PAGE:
Fairchild spouse, SERE specialists teach young survivors

  • Published
  • By Dowry Thomas
  • Fairchild Spouse
A year ago, my husband, Survival, Evasion, Resistance and Escape specialist, Senior Airman Cory Thomas, and I were introduced to a woman of inspiration.

Marilyn Taylor and I are both breast cancer survivors. This common bond would soon lead to a unique mission both for my husband and me.

Marilyn wasted little time in sharing her philosophy: our ill fortunes for some can be turned into experiences used to make a positive and powerful impact on others. This passion for others quickly rubbed off.

Marilyn is the program director and activity planner for Camp Goodtimes East. Since 1985, the camp has hosted a week-long getaway for children ranging from ages 5 to 17 who have faced extreme hardship throughout their young lives.

Most of these "qualified" campers have been diagnosed with cancer and are either on active therapy, have completed cancer therapy, had stem cell transplantation or bone marrow transplants. Camp Goodtimes gives these extraordinary children time to forget about their illness, treatments, hospital visits and hardships they, along with their families, face every single day.

Marilyn inquired about the possibility of SERE volunteers coming out to the camp to introduce the basic needs of survival to the children.

Thinking of those young, strong-willed warriors fighting with all their being to live a normal life, the decision was easy. I not only sympathize with them, but feel motivated by their passion and hunger to make the most out of every minute of every day. That being said, my husband and Staff Sgt. Craig Rockhold, 22nd Training Squadron SERE specialist, embarked on what they considered to be a life changing event for the attendees of Camp Goodtimes East.

Little did they know how this experience would be life changing for themselves.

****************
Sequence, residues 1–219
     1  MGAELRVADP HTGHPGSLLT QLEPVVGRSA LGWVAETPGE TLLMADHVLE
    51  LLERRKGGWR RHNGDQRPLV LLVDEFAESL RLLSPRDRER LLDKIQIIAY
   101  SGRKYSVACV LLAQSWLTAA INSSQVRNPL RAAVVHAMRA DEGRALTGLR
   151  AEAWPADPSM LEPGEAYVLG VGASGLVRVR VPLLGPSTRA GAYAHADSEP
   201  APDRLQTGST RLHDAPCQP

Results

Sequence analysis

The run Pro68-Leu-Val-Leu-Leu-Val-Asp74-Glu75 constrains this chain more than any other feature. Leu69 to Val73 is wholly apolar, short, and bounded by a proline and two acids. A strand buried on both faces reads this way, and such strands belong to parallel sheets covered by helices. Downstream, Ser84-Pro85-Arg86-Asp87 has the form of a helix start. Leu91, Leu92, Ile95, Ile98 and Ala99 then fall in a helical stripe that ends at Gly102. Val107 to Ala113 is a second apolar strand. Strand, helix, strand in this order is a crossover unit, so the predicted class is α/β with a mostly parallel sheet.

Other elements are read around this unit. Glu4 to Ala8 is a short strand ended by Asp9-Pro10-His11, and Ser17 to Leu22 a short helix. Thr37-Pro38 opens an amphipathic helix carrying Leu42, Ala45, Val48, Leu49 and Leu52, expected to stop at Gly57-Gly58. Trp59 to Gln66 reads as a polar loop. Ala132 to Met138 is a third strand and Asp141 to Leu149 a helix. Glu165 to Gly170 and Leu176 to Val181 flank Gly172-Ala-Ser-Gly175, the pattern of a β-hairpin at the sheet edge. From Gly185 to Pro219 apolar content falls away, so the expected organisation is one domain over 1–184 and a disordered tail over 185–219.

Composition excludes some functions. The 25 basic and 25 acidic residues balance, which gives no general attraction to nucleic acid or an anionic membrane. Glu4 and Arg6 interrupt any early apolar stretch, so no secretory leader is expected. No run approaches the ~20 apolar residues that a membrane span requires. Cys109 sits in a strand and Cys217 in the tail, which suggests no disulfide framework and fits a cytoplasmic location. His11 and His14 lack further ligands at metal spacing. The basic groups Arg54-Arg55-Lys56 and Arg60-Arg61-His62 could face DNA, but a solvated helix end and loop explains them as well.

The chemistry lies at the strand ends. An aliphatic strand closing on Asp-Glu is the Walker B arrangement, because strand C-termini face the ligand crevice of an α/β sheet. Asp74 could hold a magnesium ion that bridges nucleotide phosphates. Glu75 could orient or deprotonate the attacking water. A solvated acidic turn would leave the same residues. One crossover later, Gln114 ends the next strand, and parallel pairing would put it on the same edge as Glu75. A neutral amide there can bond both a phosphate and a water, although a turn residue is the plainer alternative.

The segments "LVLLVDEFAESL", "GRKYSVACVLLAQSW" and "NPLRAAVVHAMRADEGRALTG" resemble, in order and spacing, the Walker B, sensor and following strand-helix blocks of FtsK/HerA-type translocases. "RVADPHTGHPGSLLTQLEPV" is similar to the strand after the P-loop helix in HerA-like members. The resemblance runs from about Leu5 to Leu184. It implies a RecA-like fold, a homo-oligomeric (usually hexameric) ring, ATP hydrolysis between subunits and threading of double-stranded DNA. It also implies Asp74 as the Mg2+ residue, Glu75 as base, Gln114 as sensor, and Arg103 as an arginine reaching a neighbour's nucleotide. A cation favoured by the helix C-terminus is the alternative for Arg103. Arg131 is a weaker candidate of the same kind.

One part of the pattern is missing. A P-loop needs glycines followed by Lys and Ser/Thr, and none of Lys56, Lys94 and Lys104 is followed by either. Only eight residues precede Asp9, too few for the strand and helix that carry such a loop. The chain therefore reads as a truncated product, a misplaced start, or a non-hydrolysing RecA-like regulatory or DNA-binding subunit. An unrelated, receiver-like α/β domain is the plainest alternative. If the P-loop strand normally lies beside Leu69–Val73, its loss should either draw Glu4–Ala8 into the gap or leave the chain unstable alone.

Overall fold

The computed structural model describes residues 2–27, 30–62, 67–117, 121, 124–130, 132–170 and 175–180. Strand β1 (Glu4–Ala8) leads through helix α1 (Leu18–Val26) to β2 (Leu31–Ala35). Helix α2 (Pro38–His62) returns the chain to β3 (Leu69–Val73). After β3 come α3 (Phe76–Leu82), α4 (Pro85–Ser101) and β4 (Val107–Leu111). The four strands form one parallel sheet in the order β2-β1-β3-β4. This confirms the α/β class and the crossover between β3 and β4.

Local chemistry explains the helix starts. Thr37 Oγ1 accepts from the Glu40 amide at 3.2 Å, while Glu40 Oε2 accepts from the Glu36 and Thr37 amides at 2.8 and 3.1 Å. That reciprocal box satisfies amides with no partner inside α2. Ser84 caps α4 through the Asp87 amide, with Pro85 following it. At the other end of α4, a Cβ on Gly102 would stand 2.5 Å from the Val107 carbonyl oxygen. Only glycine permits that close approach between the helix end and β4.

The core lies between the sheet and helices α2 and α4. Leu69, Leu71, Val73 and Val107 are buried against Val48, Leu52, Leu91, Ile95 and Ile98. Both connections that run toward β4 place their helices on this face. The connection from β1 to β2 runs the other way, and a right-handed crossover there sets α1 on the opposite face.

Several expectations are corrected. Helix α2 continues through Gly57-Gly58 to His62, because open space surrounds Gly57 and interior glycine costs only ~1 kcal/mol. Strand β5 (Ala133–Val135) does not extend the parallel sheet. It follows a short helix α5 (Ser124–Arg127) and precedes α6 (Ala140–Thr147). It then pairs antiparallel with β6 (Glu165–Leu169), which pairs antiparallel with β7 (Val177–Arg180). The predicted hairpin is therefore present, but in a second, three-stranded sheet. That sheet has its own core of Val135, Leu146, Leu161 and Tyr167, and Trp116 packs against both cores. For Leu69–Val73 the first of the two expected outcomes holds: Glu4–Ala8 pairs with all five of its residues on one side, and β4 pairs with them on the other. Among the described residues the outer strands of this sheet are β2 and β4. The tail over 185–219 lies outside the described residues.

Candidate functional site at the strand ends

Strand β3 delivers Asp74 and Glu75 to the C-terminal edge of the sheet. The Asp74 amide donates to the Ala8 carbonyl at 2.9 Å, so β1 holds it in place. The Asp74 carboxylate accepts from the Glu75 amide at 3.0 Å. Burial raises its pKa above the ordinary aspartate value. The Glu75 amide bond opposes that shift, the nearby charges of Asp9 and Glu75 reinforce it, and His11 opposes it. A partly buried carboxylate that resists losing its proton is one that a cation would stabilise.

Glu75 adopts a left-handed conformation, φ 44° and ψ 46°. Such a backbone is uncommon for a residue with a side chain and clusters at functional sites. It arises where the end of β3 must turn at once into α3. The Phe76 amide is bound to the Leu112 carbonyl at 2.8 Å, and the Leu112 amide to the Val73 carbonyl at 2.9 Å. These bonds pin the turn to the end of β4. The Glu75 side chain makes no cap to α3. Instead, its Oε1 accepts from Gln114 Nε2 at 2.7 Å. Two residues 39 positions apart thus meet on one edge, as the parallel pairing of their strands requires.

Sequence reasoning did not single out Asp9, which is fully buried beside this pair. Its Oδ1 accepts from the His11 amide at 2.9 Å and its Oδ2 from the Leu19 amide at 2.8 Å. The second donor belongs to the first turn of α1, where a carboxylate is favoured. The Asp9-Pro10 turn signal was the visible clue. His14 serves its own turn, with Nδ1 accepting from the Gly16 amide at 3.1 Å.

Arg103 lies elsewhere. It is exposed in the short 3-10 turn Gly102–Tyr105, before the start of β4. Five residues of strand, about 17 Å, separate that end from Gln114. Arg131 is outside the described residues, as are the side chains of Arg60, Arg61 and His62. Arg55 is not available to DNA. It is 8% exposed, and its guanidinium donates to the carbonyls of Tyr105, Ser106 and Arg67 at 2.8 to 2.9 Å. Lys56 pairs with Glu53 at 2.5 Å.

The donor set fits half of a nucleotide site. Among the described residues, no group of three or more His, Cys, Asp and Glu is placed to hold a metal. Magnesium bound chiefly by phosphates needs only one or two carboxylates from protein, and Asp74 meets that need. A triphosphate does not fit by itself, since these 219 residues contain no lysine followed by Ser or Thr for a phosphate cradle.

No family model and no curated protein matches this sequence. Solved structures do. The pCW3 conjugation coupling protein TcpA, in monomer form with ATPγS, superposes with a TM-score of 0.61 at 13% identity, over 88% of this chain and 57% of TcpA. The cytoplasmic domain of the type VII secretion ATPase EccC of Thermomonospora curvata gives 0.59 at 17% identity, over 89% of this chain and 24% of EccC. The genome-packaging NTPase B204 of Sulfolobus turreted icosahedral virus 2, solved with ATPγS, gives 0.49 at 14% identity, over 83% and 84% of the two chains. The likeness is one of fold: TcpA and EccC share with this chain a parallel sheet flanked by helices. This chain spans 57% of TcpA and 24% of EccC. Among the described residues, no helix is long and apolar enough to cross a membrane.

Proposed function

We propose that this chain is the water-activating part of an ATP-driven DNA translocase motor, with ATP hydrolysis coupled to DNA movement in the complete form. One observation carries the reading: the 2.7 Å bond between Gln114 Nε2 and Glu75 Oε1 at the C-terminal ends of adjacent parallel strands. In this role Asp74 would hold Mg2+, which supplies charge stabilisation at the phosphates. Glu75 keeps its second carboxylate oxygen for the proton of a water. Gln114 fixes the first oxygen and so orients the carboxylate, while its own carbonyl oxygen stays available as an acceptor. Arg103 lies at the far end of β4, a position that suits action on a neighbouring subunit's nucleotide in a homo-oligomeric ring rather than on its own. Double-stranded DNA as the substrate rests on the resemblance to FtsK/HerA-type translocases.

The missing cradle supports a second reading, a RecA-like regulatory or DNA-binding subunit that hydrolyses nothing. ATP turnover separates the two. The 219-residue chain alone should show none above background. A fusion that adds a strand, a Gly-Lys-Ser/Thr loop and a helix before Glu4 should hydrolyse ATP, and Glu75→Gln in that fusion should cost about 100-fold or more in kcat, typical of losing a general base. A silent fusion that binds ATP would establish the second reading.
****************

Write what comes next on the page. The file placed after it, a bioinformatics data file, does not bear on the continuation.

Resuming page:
During camp, the two SERE specialists held 45-minute sessions teaching the five basic needs of survival: medical, personal protection (fire, shelter, clothing and equipment), sustenance (food and water), signaling and recovery. They then engaged the campers by turning the lessons around and asking a few questions pertaining to survival.

How long can you survive without food? How do you start a fire without matches or a lighter? How can you utilize the sun as a navigational tool?

Much to my dismay, my husband added a prize incentive to the final question: the child with the correct answer could use MY face as a canvas to paint on!

Looking at him like he was crazy, I suddenly remembered why I was there. It was ok I felt a little out of my comfort zone, as I knew these children have had many days and nights with those same feelings on a much larger scale.

Cory proceeded to ask, "How long can you survive without water?" A young 8 year old boy shouted "3 days!" He was right. Shortly after, I had this young 8 year old two feet from my face with a mile wide smile, his small shirt telling me his story, "Happy Birthday Survivor!"

Without a care in the world, he proceeded to paint my face as if he was Vincent Van Gogh painting the famed Starry Night with not a care in the world. It was as if he had forgot about the pain he was in and knowing I had helped in that process filled my heart with love.

Along with the help of several close friends, we designed shirts for these inspirational children, which we gifted to them at the end of camp. The shirts read, "For the Survival in us All, I Learned how to Survive the World While Striving to Survive Life." Our hope is when these children think of the term "survival" they may think of the wonderful experiences they had at Camp Goodtimes East, instead of a life long struggle.

The shirts were made possible by way of generous donations exceeding $900, making it possible to give each camper something to remember us by.

It was a small token compared to the memories they created for us. We are thankful for the support of our SERE family.

We are humbled, honored and proud to an
nounce we have been asked back to Camp Goodtimes East next year. Not only would they like for us to teach survival skills but we have been given the opportunity to actively participate in the Camp as counselors for the children for the duration of their stay which is approximately one week.

Gratification is an understatement when describing the feeling of watching effortless smiles as the entire group of children looked up to Thomas and Rockhold as real life heroes.

After this experience, we encourage you all to take a step back and realize the blessings in your own life while realizing that at the same time, many people are experiencing hardships we couldn't possibly understand.

Spokane and the surrounding communities strongly support the Fairchild mission and this is another small way we can demonstrate what the Air Force is all about. Whether you give a monetary donation, a hug or simply your attentions to someone in need, never underestimate the power of love and support, for without that, survival would be impossible.